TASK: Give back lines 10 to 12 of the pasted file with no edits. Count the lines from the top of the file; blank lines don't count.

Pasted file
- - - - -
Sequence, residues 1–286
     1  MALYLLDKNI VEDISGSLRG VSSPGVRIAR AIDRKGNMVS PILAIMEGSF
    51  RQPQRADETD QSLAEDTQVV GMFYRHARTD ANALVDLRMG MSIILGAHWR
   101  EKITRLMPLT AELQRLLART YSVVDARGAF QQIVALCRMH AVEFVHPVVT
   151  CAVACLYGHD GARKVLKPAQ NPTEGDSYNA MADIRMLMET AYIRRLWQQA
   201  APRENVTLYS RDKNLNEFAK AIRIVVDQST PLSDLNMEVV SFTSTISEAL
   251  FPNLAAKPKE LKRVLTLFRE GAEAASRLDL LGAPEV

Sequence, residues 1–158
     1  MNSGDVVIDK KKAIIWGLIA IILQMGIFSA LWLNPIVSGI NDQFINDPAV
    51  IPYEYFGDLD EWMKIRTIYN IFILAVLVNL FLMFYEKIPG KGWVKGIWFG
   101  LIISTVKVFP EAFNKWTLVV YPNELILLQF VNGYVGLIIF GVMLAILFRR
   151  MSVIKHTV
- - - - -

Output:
    51  IPYEYFGDLD EWMKIRTIYN IFILAVLVNL FLMFYEKIPG KGWVKGIWFG
   101  LIISTVKVFP EAFNKWTLVV YPNELILLQF VNGYVGLIIF GVMLAILFRR
   151  MSVIKHTV